We’ve written about Google Glass before, but now Google has partnered with a Swiss company to bring their Google Eye technology to the market. Here’s a short description from this Venture Beat article:

Google and Swiss pharmaceutical company Novartis announced this morning that they will be collaborating on bringing Google’s smart contact lens technology, which contains sensors for tracking things like blood glucose levels for diabetics, to consumers.

Specifically, Novartis says it’s interested in the tech’s glucose-sensing capabilities for diabetics, as well as its potential for helping people with presbyopia, who can’t read without glasses. The smart lens technology could eventually help to fix the eye’s autofocus capabilities for nearby objects, potentially by implanting it directly into the eye.

Let’s make sure that you don’t think this contact lens is going to replace Google Glass. We’re not there yet, but don’t be surprised if it gets there some day. These new smart contact lens are more like the variety of health sensors that are hitting the market than they are a Google Glass replacement. For purposes of this site, that’s just as cool.

I’ve often argued that we need to prepare ourselves for a wave of health sensors that are coming. This smart contact lens is another great example of this wave.

Decline of Health and Fitness Tracker Usage

Posted on May 21, 2014 I Written By

John Lynn is the Founder of the HealthcareScene.com blog network which currently consists of 10 blogs containing over 8000 articles with John having written over 4000 of the articles himself. These EMR and Healthcare IT related articles have been viewed over 16 million times. John also manages Healthcare IT Central and Healthcare IT Today, the leading career Health IT job board and blog. John is co-founder of InfluentialNetworks.com and Physia.com. John is highly involved in social media, and in addition to his blogs can also be found on Twitter: @techguy and @ehrandhit and LinkedIn.

I’ve started hearing a number of people mention this. In some cases it’s first hand accounts of their own usage and in other cases it’s people talking about the health and fitness tracker usage trend. Basically, it seems that we haven’t yet figured out how to make a health and fitness tracker sticky. This chart from Edneavour Partners shows the tracker usage trend really well:
Health and Fitness Tracker Usage

From my own personal experience, I’ve found a similar usage curve. The big challenge is that the value of the tracker 3 months out isn’t clear. When you first start using the tracker, the data is quite interesting because you’ve never seen the fitness tracking data. Plus, you’re interested to see how it changes over time. Once you reach the 3 month plateau, you already basically know the patterns and so they lose their value.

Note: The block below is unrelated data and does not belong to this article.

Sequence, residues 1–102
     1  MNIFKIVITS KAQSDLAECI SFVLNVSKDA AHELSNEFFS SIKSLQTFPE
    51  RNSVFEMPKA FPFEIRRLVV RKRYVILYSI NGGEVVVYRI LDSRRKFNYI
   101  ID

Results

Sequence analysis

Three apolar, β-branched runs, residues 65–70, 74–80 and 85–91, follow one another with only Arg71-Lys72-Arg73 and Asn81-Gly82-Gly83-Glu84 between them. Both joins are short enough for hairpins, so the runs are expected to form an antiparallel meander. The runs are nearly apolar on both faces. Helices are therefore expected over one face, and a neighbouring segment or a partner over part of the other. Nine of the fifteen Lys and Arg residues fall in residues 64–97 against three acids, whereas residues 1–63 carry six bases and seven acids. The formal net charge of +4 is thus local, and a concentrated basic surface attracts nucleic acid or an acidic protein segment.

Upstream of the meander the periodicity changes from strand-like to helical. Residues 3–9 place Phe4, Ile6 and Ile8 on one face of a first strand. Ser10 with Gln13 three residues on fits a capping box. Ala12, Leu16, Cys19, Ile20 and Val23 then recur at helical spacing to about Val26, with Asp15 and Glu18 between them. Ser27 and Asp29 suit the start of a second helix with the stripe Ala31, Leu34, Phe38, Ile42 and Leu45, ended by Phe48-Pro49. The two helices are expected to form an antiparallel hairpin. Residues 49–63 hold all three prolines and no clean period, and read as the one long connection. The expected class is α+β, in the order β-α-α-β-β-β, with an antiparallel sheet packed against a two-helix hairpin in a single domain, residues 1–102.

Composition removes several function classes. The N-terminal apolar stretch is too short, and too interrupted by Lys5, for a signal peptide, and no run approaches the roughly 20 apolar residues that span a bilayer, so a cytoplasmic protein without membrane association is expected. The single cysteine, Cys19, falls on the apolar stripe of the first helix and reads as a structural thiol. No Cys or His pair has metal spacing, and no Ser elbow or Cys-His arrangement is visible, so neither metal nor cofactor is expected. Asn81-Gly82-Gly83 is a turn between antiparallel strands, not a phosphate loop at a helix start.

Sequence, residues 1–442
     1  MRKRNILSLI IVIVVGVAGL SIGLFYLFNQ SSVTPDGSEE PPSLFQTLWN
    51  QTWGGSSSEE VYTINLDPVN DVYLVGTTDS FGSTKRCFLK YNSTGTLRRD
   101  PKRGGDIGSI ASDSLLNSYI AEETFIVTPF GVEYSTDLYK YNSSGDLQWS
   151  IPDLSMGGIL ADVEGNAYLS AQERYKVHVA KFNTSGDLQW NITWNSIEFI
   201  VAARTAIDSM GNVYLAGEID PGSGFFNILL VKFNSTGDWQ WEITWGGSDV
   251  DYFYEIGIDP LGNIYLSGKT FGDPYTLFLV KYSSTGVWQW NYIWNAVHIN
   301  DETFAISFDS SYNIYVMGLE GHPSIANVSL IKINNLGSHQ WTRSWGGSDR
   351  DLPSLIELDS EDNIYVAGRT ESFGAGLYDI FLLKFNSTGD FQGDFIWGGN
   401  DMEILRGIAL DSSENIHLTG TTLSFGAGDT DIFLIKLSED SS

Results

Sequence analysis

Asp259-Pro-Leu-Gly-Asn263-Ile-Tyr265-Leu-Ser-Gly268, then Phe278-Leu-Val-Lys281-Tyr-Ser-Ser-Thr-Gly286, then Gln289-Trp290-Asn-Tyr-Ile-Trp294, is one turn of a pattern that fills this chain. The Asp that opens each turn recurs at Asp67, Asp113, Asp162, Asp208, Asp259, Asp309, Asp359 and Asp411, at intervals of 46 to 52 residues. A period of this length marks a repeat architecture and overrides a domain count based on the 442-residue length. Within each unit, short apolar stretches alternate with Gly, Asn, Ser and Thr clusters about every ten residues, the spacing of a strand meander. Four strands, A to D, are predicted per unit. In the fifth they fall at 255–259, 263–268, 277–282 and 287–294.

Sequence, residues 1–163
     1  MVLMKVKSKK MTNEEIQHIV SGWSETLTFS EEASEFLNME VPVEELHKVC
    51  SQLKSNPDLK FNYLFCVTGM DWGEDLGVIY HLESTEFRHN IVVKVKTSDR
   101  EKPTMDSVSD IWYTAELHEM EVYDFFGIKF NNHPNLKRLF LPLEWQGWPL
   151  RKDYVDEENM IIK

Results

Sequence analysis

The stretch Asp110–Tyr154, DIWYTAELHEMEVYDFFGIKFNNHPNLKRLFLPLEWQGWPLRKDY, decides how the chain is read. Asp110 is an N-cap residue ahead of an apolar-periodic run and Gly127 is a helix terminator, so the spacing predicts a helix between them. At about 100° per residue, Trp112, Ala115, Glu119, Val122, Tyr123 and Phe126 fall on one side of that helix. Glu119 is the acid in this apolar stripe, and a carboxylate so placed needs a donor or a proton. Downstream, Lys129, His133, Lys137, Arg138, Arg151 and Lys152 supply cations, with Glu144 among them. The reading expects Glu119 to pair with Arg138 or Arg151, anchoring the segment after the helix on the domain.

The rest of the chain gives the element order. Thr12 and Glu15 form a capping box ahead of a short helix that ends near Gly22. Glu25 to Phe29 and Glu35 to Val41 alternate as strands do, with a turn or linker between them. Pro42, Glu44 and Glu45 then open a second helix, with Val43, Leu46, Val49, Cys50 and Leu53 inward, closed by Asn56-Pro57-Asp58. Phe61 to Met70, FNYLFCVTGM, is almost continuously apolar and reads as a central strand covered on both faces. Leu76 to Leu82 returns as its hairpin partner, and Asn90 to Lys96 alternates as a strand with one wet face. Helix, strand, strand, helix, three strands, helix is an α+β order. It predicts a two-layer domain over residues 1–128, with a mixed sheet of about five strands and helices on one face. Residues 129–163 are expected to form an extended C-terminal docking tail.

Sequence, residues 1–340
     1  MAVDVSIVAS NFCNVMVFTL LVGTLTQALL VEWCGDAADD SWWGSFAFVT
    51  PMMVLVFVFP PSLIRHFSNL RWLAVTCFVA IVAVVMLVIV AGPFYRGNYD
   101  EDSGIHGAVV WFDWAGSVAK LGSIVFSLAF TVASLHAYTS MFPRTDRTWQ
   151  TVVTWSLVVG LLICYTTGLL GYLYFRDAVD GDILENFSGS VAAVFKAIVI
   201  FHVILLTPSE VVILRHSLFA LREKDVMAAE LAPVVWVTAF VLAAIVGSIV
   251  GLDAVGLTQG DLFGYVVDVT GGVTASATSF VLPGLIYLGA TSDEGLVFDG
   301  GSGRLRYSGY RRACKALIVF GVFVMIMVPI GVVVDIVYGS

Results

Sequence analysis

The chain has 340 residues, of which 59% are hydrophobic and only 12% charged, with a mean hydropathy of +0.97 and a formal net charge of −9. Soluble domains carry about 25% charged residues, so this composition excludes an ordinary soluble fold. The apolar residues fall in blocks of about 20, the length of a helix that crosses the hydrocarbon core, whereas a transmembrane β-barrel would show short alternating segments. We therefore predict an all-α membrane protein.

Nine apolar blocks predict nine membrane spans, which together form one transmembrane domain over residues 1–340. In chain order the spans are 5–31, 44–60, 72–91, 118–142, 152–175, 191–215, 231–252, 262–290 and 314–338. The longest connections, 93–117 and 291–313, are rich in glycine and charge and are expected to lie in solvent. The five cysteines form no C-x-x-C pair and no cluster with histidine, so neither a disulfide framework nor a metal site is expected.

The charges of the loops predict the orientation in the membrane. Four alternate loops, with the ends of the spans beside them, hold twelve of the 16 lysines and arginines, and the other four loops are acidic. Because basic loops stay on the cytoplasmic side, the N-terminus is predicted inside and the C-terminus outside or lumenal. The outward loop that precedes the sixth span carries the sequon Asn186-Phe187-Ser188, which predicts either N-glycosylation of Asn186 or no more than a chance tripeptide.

What’s not clear is whether these companies (or some outside company) will find a way to leverage a long term history of tracking into something really valuable. Will having blood pressure trends for 3 years make it so you can detect potential health issues that you wouldn’t have discovered otherwise? I think this is the potential for the quantified self movement, but I’m skeptical that the current set of trackers and sensors will get us there. How much value can be gotten from steps, weight, and blood pressure? I think we’ll need a more advanced set of trackers to be able to reach that longer term goal.

Tracking Health Infographic

Posted on April 5, 2013 I Written By

John Lynn is the Founder of the HealthcareScene.com blog network which currently consists of 10 blogs containing over 8000 articles with John having written over 4000 of the articles himself. These EMR and Healthcare IT related articles have been viewed over 16 million times. John also manages Healthcare IT Central and Healthcare IT Today, the leading career Health IT job board and blog. John is co-founder of InfluentialNetworks.com and Physia.com. John is highly involved in social media, and in addition to his blogs can also be found on Twitter: @techguy and @ehrandhit and LinkedIn.

The people at Pathfinder Software have put together an infographic on Health Tracking. The data for their infographic comes from a Pew Research Study. It highlights something I’ve discussed much before as far as those with chronic conditions tracking their health versus healthy patients. There’s a big difference in those two groups. I was also intrigued by the data sharing numbers. I’d like to know the exact question asked, but those patients with no conditions shared a lot more than I thought they would with their doctor.

Here’s the infographic:
Infographic_Tracking_Final